By VP5 (KM 55) at Reindlau or Hubertushof the rain had stopped, people were saying that we would see no more rain through the evening and I was feeling like nothing could prevent us from finishing.  Fleeting thoughts…  After eating, drinking and resupplying from our drop bags Lutz and I headed out to take on a little more than a marathon.   

With about thirty kilometers to go the weather changed on us again.  It started raining and temperatures hovered around freezing.  This stretch of the ZUT course was tough in 2014.  In 2015 it was soundly miserable.  The leg between Stuibenwald and the aid station at KM88 starts “pleasantly”, but quickly transitions to a serpentine course gaining about 800 meters over a very short distance.  With the rain and accumulated ground water  we quickly transitioned from moving along a hiking path to a path that had become a stream.  I’m not certain where Lutz got it from, but he was in top form going up.  Mentally I drew on his energy to get to the aid station at KM88.

Generally VP9 also serves as VP10 as during “normal” years you must pass through going up to the Alpspitz and back out going down.  Because of the weather and the amount of snow that had accumulated at elevation we did not transit up in 2015.  Instead we refueld at VP9 and headed back down.  This last leg was a “walk in the park” as well as we also moved down a hiking path that had become a stream.  I was treated to a nice surprise when my left toe stuck on a rock and I somersaulted into an actual stream bed and soaked myself yet again.  Joyous!  Simply joyous!  I had been droning to this point.  I was definitely awake from this point forward.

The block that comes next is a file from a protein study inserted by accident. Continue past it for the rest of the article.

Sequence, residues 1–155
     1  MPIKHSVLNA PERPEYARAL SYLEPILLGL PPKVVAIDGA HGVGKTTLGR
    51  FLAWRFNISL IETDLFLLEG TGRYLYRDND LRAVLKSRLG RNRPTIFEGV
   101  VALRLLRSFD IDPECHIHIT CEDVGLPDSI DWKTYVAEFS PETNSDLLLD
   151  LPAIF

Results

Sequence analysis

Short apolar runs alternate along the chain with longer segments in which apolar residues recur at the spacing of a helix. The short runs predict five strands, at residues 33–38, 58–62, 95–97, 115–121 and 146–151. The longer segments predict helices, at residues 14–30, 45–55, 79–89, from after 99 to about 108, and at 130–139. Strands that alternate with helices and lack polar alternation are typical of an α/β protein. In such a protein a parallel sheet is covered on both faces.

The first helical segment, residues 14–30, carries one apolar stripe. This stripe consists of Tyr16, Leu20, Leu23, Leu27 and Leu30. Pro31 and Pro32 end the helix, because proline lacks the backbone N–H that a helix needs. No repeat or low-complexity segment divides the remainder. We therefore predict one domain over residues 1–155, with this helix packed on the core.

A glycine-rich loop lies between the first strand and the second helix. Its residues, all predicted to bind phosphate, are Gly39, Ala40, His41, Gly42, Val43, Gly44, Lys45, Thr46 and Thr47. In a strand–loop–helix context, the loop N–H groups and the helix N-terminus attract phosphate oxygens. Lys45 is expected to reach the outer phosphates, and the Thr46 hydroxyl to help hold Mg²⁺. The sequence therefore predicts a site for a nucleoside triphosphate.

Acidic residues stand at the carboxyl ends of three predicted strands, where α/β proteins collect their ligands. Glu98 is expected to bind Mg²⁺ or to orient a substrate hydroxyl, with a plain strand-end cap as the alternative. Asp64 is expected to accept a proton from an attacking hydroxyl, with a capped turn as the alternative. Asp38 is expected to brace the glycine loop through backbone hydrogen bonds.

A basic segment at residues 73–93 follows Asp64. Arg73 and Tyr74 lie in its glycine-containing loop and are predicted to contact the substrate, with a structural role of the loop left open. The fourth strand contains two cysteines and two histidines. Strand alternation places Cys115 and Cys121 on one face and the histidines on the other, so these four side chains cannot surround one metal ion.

Seems that the last five kilometers of any ultra event are the most challenging.  Lutz and I pushed to get back into Grainau.  Both wanting to finish and finally get warm and dry.

Plan B, the volunteers that support the ZUT and the local Grainau community put on a superb event.  The ZUT will remain on my planning list for future race seasons.
Fröttstädt, 4 July, 68F/20C, waning full moon.  About 250 friends and I lined up for a 0400 start of this 100KM ultra through Germany’s green center.  The weather was balmy and had not cooled much from the day prior.  The forecast for the day called for more than sixteen hours of sunshine.  My personal outlook was one of trepdition.  In 2014 I was able to complete both the ZUT and TU with the same amount of time between the two.  I went into the TU this year having not trained at all the week following the ZUT and having only gotten in thirty odd kilometers the week prior.  The evening before the TU much of our discussion and thinking was focused on the heat that would certainly accompany us and tactics to have a succesful race.  Getting ready to run I narrowed my focus for the day to simply finishing.  No PRs would be a part of my 2015 TU calculus.